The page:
W3C home > Mailing lists > Public > www-style@w3.org > March 2010

[CSS3 general Grammar]

From: Gerson Azevedo Goulart Macedo <cad_gmacedo@uolinc.com>
Date: Wed, 3 Mar 2010 20:23:52 -0300
To: "www-style@w3.org" <www-style@w3.org>
Message-ID: <7E774646F7EEFE4F9C06442D4051B55F01A55CCD15@salomao3.uolcorp.intranet>
Hi Friends!

I have a concern about the whole grammar for the CSS3. Nowadays smarter and faster ways to accomplish best results are a must. Since a long time ago many developers around the world have been developing template languages to handle CSS files wrinting less code and doing more. Well, a week ago a friend of my at work just shown me this: http://lesscss.org/. I'm not at all involved with this project, but I got really impressed because practically all of my best ideas (among some more) for a better CSS maintainability were implemented in this project for Ruby and Rails. I think it would be great if CSS itself worked just like this.

The possibility of include at least part of the proposed "variables, mixins, operations and nested rules" of the "lesscss" project in a future specification. Let me show you how I think the CSS grammar in general should work [taken from http://lesscss.org/docs.html]:

These are pretty self-explanatory:

@nice-blue: #5B83AD;
@light-blue: @nice-blue + #111;

#header { color: @light-blue; }


#header { color: #6c94be; }

Note that variables are actually 'constants' in that they can only be defined once.

Mixins are a way of including ('mixing in') a bunch of properties from one rule-set into another rule-set. So say we have the following class:

.bordered {
  border-top: dotted 1px black;
  border-bottom: solid 2px black;

And we want to use these properties inside other rule-sets. Well, we just have to drop in the name of the class where we want the properties, like so:

#menu a {
  color: #111;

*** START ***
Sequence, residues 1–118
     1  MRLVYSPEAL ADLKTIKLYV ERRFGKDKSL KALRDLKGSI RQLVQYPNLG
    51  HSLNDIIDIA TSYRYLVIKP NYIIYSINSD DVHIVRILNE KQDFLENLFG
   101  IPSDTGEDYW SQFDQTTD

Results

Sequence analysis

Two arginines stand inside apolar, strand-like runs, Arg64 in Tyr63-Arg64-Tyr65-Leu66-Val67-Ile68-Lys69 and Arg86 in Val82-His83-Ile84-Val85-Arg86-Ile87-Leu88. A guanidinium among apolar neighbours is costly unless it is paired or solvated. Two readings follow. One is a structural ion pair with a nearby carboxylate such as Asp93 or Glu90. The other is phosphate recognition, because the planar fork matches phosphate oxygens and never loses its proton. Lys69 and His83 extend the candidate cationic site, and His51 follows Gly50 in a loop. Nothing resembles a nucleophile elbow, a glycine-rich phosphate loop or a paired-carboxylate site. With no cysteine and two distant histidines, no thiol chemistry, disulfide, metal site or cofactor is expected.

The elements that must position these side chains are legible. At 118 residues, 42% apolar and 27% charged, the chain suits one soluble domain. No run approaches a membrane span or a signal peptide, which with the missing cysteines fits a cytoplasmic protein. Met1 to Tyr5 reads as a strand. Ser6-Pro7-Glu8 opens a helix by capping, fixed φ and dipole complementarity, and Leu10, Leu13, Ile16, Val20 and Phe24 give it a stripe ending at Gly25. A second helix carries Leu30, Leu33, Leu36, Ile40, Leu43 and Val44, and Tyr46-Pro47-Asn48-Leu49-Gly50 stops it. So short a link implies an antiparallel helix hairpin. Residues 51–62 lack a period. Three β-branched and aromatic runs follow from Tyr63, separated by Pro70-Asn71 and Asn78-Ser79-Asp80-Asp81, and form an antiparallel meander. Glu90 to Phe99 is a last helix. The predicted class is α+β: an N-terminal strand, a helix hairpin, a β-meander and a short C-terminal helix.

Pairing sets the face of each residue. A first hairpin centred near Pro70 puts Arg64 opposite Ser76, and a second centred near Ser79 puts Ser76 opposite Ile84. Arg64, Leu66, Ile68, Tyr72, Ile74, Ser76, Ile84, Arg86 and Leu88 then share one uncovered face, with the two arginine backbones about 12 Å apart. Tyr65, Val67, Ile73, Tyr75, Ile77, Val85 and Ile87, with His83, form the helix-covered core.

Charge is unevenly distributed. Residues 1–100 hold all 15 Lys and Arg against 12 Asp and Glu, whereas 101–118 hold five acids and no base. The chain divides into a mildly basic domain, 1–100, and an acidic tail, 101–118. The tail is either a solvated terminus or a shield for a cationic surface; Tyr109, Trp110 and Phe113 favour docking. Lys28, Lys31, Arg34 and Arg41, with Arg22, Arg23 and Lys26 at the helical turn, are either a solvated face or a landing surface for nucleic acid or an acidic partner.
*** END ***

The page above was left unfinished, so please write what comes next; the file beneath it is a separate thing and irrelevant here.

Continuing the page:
.post a {
  color: red;

The properties of the .bordered class will now appear in both #menu a and .post a. (Note that you can also use #ids as mixins)

Nested rules
Ability to use nesting instead of, or in combination with cascading. Lets say we have the following CSS:

#header { color: black; }
#header .navigation {
  font-size: 12px;
#header .logo {
  width: 300px;
#header .logo:hover {
  text-decoration: none;

We could also write it this way:

#header {
  color: black;

  .navigation {
    font-size: 12px;
  .logo {
    width: 300px;
    :hover { text-decoration: none }

The resulting code is more concise, and mimics the structure of your html.

Any number, color or variable can be operated on. Here are a couple of examples:

@base: 5%;
@filler: @base * 2;
@other: @base + @filler;

color: #888 / 4;
background-color: @base-color + #111;
height: 100% / 2 + @filler;

The output is pretty much what you expect - CSS understands the difference between colors and units. If a unit is used in an operation, like in:

@var: 1px + 5;

CSS will use that unit for the final output-6px in this case.

Namespaces & Accessors
Sometimes, you may want to group your variables or mixins, for organizational purposes, or just to offer some encapsulation. You can do this pretty intuitively in CSS - say you want to bundle some mixins and variables under #bundle, for later re-use, or for distributing:

#bundle {
  .button {
    display: block;
    border: 1px solid black;
    background-color: grey;
    :hover { background-color: white }
  .tab { ... }
  .citation { ... }

Now if we want to mixin the .button class in our #header a, we can do:

#header a {
  color: orange;
  #bundle > .button;

CSS also allows you to access specific properties or variables from different rule-sets:

#defaults {
  @width: 960px;
  @color: black;

.article { color: #294366; }

.comment {
  width: #defaults[@width];
  color: .article['color'];

Variables and accessors can be used almost interchangeably, use whichever is best suited for the situation-accessors might make more sense if that property only needs to be accessed once.

Scope in CSS is very similar to that of programming languages. Variables and mixins are first looked for locally, and if they aren't found, the compiler will look in the parent scope, and so on. Note that the order of declaration does matter.

@var: red;

#page {
  @var: white;
  #header {
    color: @var; // white

Both C-style and inline comments are authorized:

/* One hell of a comment */
@var: red;

// Get in line!
@var: white;

So, what are your thoughts on it?


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Received on Wednesday, 3 March 2010 23:24:33 UTC

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